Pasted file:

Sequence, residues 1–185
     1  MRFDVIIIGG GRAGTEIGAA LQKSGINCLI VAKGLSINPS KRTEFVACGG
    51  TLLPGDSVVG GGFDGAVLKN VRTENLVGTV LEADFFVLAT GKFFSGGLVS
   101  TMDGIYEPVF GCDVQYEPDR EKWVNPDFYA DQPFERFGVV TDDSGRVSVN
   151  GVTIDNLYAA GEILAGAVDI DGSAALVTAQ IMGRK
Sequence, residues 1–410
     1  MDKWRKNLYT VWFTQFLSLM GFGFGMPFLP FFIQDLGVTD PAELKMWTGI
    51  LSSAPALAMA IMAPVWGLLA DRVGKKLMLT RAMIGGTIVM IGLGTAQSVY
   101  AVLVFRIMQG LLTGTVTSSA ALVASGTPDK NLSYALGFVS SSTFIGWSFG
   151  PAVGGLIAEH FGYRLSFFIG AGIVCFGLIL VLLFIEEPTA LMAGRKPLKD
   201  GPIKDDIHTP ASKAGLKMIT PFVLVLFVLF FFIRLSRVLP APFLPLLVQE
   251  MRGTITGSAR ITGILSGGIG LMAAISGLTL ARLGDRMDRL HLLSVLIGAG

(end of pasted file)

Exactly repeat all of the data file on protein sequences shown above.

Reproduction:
Sequence, residues 1–185
     1  MRFDVIIIGG GRAGTEIGAA LQKSGINCLI VAKGLSINPS KRTEFVACGG
    51  TLLPGDSVVG GGFDGAVLKN VRTENLVGTV LEADFFVLAT GKFFSGGLVS
   101  TMDGIYEPVF GCDVQYEPDR EKWVNPDFYA DQPFERFGVV TDDSGRVSVN
   151  GVTIDNLYAA GEILAGAVDI DGSAALVTAQ IMGRK
Sequence, residues 1–410
     1  MDKWRKNLYT VWFTQFLSLM GFGFGMPFLP FFIQDLGVTD PAELKMWTGI
    51  LSSAPALAMA IMAPVWGLLA DRVGKKLMLT RAMIGGTIVM IGLGTAQSVY
   101  AVLVFRIMQG LLTGTVTSSA ALVASGTPDK NLSYALGFVS SSTFIGWSFG
   151  PAVGGLIAEH FGYRLSFFIG AGIVCFGLIL VLLFIEEPTA LMAGRKPLKD
   201  GPIKDDIHTP ASKAGLKMIT PFVLVLFVLF FFIRLSRVLP APFLPLLVQE
   251  MRGTITGSAR ITGILSGGIG LMAAISGLTL ARLGDRMDRL HLLSVLIGAG